Great communities promote and embrace their artists—and celebrate all forms of the arts. That includes not only the visual and performing arts, but also the written word.
In Phoenix, we’re working to amplify local literary voices with a new, special appointment in our arts and culture department.
In October, the City of Phoenix began the search for our first ever poet laureate. I’m proud to report that I named arts and culture leader and ASU professor Rosemarie Dombrowski to the distinguished role.
Rosemarie is an excellent artist who is spreading the joy of the written word to the next generation. She’s a senior lecturer of English composition, creative writing and literature at ASU’s downtown campus, as well as co-founder and editor of the undergraduate writing journal, “Write on, Downtown.”
When she’s not in the classroom, Rosemarie is a writing machine: She edits an independent literary magazine and hosts of two monthly reading series, and she runs a local press that publishes micro-poetry in micro-zine form. Do yourself a favor and check out her 2013 Huffington Post essay “A Love Letter to Phoenix” for a taste of her infectious passion for our city.
During her term as our official ambassador of literacy and poetry, Rosemarie will give public readings and compose poems to mark special occasions.
Through her own understanding of the vital role the arts play in the health and well-being of our city, she will work hard to inspire our residents through written and spoken word.
Phoenix is overflowing with artistic talent and inspiration and our poet laureate will help channel that into great poetry.
We’re seeing a spike in new literary magazines and presses publishing the works of local writers, and nearly every night of the week there is a literary event taking place at an art gallery, café, bookstore or theater—from poetry and fiction readings to spoken word and storytelling performances.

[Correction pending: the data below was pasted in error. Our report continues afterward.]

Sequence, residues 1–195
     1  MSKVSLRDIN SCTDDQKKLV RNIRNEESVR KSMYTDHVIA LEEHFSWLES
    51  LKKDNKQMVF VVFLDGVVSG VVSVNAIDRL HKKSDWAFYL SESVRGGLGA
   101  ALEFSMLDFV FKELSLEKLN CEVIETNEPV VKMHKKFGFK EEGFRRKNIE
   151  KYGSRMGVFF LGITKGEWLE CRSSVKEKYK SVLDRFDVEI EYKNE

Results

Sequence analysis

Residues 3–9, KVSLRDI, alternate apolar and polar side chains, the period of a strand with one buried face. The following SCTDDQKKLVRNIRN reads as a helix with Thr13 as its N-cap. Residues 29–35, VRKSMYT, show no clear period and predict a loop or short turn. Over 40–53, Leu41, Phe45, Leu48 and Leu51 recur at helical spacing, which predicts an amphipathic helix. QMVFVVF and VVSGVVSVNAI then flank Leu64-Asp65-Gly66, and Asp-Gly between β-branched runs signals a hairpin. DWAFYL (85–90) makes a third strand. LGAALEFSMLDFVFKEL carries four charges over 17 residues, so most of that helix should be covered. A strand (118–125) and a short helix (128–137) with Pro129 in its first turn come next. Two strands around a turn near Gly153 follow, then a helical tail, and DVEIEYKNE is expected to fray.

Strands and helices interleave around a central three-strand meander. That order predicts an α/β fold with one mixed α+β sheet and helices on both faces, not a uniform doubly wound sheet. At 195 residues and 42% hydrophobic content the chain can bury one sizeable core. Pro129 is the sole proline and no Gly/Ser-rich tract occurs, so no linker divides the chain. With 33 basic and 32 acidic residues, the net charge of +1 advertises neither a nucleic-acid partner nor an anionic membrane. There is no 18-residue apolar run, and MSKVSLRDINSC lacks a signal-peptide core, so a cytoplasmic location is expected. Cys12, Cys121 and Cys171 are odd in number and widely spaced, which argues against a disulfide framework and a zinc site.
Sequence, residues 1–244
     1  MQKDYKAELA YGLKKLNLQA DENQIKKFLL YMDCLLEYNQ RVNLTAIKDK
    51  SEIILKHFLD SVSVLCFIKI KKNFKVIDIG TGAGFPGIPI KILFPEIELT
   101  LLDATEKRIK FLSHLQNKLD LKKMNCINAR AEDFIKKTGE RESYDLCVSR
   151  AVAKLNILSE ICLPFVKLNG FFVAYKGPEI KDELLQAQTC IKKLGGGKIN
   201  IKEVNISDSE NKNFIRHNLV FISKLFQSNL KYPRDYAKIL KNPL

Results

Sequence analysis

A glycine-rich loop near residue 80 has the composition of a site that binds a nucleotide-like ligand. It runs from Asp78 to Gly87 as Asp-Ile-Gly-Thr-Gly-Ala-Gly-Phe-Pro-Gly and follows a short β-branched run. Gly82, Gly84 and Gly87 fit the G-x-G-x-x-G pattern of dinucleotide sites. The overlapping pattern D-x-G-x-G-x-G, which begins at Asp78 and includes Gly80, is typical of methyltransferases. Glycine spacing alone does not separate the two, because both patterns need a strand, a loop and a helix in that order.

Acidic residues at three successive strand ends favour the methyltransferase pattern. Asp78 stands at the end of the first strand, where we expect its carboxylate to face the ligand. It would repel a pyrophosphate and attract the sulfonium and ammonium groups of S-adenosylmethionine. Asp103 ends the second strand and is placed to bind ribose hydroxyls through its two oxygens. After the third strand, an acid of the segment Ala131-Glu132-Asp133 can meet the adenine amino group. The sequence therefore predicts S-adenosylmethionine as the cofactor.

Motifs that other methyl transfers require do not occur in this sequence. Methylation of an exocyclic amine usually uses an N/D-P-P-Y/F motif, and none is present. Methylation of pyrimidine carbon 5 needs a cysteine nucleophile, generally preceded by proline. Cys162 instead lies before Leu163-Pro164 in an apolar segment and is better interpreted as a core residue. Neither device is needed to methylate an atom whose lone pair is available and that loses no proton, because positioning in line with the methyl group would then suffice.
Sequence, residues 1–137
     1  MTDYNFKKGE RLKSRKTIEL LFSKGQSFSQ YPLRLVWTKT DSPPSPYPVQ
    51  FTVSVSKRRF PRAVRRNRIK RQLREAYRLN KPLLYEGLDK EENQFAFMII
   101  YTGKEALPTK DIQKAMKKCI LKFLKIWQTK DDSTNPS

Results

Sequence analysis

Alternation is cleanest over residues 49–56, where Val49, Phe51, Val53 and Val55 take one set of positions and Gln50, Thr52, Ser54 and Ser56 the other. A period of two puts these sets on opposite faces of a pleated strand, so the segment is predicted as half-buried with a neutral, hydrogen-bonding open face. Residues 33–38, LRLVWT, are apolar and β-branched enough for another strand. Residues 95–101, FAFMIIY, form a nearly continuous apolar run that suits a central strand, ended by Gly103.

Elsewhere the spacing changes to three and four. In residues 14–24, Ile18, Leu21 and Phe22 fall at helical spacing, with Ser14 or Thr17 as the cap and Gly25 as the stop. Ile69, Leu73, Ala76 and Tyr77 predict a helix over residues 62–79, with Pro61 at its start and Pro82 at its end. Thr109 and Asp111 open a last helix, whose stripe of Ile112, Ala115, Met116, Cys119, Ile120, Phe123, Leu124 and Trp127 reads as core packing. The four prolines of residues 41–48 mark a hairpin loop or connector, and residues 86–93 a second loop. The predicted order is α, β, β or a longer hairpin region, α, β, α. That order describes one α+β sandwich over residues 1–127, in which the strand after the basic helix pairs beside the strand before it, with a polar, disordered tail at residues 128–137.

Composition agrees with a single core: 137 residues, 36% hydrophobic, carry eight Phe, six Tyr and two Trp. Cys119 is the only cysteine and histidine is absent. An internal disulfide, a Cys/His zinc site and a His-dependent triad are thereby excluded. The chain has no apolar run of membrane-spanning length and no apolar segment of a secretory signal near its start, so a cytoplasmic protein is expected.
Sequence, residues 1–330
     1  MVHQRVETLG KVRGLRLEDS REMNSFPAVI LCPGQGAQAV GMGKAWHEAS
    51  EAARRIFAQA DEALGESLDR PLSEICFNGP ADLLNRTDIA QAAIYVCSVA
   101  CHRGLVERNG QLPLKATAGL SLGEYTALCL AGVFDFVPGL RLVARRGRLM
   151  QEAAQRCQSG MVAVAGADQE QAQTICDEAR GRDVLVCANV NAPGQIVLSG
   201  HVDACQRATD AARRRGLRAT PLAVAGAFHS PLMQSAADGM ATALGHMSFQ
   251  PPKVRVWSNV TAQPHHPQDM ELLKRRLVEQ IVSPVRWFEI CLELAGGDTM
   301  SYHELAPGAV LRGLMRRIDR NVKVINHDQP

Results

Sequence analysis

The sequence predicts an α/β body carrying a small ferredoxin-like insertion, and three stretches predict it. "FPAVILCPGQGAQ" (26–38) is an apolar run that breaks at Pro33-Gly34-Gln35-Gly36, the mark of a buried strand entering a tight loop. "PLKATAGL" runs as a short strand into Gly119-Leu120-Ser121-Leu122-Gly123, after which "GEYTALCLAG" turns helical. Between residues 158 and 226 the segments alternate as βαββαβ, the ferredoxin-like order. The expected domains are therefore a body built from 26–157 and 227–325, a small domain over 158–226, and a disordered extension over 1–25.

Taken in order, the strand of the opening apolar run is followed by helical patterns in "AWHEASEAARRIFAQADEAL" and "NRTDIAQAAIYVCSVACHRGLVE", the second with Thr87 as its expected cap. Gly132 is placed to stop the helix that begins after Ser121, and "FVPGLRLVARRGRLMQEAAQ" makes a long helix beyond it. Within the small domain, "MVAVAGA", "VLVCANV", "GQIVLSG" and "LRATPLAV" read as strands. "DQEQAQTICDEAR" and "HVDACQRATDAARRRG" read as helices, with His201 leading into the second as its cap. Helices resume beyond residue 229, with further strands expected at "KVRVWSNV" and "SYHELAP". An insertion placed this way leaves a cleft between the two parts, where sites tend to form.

We are so fortunate to name a writer who will not only inspire us, but also capture and evoke what makes our community special.
Rosemarie knows better than anyone that the best poetry opens up our eyes and let us see the world in different ways, and I can’t wait to read and listen to what she does next.
This is the poem Rosemarie shared with the audience the day she was named poet laureate; it deals with the loss of cognitive and physical abilities, and the things we turn to in the wake of those loses.
I’ve forgotten how to spread honey on toast,
how to finagle the medium-sized bowls into the racks.
I haven’t combed my hair in days.
I can’t remember if permanent
means indelible or its opposite.
I’m beginning to understand
the last days of Hemingway.
The porch is covered in yellowing weeds
and dried feathers. I grab an apple
from the bag of pink ladies
and realize there’s mold on the stem,
that everything’s approaching its expiration.
I tell you not to visit me in the hospital.
In desperation, I ride a dinosaur on the playground.
I dream of roasting marshmallows
around the flame of a gas burner.
In the car, I hold a painting
of a hummingbird on my lap.
I’m wearing a phoenix around my neck
because I want to believe in resurrection.
As the car accelerates,
we talk about the meaning of e=mc2.
We decide that too much knowledge
is sometimes too much,
but we know there’s no going back.